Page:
The Greater Portland Council of Governments administers GO MAINE, the statewide commuter services program. GO MAINE is sponsored by the Maine Department of Transportation and the Maine Turnpike Authority. GO MAINE provides services and information to commuters and other travelers who live, work, or travel in the state of Maine: carpool ride matching, vanpool formation, transit information and bicycling and walking information. GO MAINE works with commuters, employers, business groups, planning agencies, transit operators, and other local and regional partners throughout the state to build demand and advance the mutual goals of improved air quality, reduced traffic congestion and lower commuting costs.

Worried about missing your ride home? Sick kid? Demanding boss? The Emergency Ride Home Guarantee gives you peace of mind. GO MAINE offers a free (or reimbursed) ride home – either a bus, taxi or rental car – in the event of a workday emergency. Just to be clear, you must be in a GO Maine carpool, vanpool, be a transit user, bicyclist or walker, registered with GO Maine, in order to be eligible for the Emergency Ride Home guarantee. You are only eligible for this benefit once you have registered your carpool or vanpool, or are a regular user of transit or walking or bicycling. In other words, just being registered in GO Maine does not make you eligible for the ERH guarantee, you must be using alternative transportation, as mentioned above.

Carpool etiquette:

1. Getting to know you. Before you do anything else, meet your carpool partners and agree on the basics: How many days you plan to carpool per week, where you’ll meet before and after work, what time you’ll meet, who will drive and on which days, how long you’ll wait for other carpoolers, and what about caffeine, fuel and bathroom stops?

2. You don’t have to be joined at the hip. Just because you want to carpool doesn’t mean you have to do it everyday. Some of the most successful carpoolers we know share the ride only one or two days a week. That gives everyone involved a couple of days to themselves to run errands.

3. Share and share alike. Decide how to split the costs. Some carpools divide everything – driving and expenses – evenly. That may not always be possible. Make sure it’s a good deal for everyone involved. Estimate the average cost of driving to work: cents per mile of gas, oil and routine maintenance cost. Split the cost among everyone in the carpool.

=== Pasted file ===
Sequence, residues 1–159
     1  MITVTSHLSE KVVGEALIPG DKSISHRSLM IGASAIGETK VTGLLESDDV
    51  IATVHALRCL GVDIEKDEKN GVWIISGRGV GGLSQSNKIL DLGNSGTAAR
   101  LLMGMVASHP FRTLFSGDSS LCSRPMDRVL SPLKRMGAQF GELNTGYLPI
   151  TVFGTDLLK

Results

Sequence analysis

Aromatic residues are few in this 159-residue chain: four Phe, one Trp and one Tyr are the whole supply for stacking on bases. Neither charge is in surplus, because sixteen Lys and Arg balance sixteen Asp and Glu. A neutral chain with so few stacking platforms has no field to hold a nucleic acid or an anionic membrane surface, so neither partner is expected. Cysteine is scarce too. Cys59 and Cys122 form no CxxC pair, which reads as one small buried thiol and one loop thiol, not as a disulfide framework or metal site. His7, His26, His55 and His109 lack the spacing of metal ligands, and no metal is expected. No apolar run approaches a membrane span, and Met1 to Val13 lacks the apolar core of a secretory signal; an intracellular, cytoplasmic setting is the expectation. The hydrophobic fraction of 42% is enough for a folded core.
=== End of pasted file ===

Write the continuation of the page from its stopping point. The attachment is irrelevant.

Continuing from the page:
4. Plan ahead. Good planning is the key to a good carpool. Think ahead to events that could influence the lives of your fellow carpoolers. Consider scheduling ahead for vacations, business trips – or the day you have to leave work early to see your 4th grader’s school play. It’s only good manners to give your partners the information and time to make other plans.

5. Watch the upholstery. It may sound trivial, but it’s best to set a policy on eating, drinking and smoking in the car. It’s even good to agree upon a radio station. That gives everyone one less thing to worry about when your carpool hits the road.

6. Flexibility is a carpool virtue. No matter how well you plan, sickness, family emergencies and work can throw off your carpool schedule. Be flexible. Have fellow carpoolers’ phone numbers handy, and be sure to have a contingency plan. And rest assured – GOMAINE Emergency Ride Home Guarantee will get you home if your carpool partner has an emergency during the work day.

7. R-E-S-P-E-C-T. Like Aretha Franklin says, respect is essential – including for your carpool. Treat fellow carpoolers with courtesy, and everyone’s bound to enjoy the ride home.

Visit www.gomaine.org or call 800-280-7433.


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